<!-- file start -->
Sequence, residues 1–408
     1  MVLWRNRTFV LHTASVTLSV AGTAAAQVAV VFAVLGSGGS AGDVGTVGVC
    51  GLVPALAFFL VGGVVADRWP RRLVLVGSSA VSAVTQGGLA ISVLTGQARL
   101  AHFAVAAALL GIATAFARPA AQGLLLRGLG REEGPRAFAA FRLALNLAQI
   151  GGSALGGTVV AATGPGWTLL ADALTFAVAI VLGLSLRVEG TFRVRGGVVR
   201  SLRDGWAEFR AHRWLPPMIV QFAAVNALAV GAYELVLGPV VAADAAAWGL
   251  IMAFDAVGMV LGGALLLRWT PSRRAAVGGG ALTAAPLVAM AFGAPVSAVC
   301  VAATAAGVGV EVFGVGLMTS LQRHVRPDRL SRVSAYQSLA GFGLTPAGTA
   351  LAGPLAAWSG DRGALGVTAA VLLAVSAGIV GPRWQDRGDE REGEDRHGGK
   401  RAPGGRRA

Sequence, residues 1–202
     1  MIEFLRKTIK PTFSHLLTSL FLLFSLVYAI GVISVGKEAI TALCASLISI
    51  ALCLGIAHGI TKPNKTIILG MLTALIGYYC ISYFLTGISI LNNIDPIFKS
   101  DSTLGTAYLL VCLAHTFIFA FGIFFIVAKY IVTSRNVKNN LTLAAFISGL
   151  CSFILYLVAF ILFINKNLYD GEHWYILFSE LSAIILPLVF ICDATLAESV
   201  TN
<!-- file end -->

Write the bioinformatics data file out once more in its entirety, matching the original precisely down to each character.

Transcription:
Sequence, residues 1–408
     1  MVLWRNRTFV LHTASVTLSV AGTAAAQVAV VFAVLGSGGS AGDVGTVGVC
    51  GLVPALAFFL VGGVVADRWP RRLVLVGSSA VSAVTQGGLA ISVLTGQARL
   101  AHFAVAAALL GIATAFARPA AQGLLLRGLG REEGPRAFAA FRLALNLAQI
   151  GGSALGGTVV AATGPGWTLL ADALTFAVAI VLGLSLRVEG TFRVRGGVVR
   201  SLRDGWAEFR AHRWLPPMIV QFAAVNALAV GAYELVLGPV VAADAAAWGL
   251  IMAFDAVGMV LGGALLLRWT PSRRAAVGGG ALTAAPLVAM AFGAPVSAVC
   301  VAATAAGVGV EVFGVGLMTS LQRHVRPDRL SRVSAYQSLA GFGLTPAGTA
   351  LAGPLAAWSG DRGALGVTAA VLLAVSAGIV GPRWQDRGDE REGEDRHGGK
   401  RAPGGRRA

Sequence, residues 1–202
     1  MIEFLRKTIK PTFSHLLTSL FLLFSLVYAI GVISVGKEAI TALCASLISI
    51  ALCLGIAHGI TKPNKTIILG MLTALIGYYC ISYFLTGISI LNNIDPIFKS
   101  DSTLGTAYLL VCLAHTFIFA FGIFFIVAKY IVTSRNVKNN LTLAAFISGL
   151  CSFILYLVAF ILFINKNLYD GEHWYILFSE LSAIILPLVF ICDATLAESV
   201  TN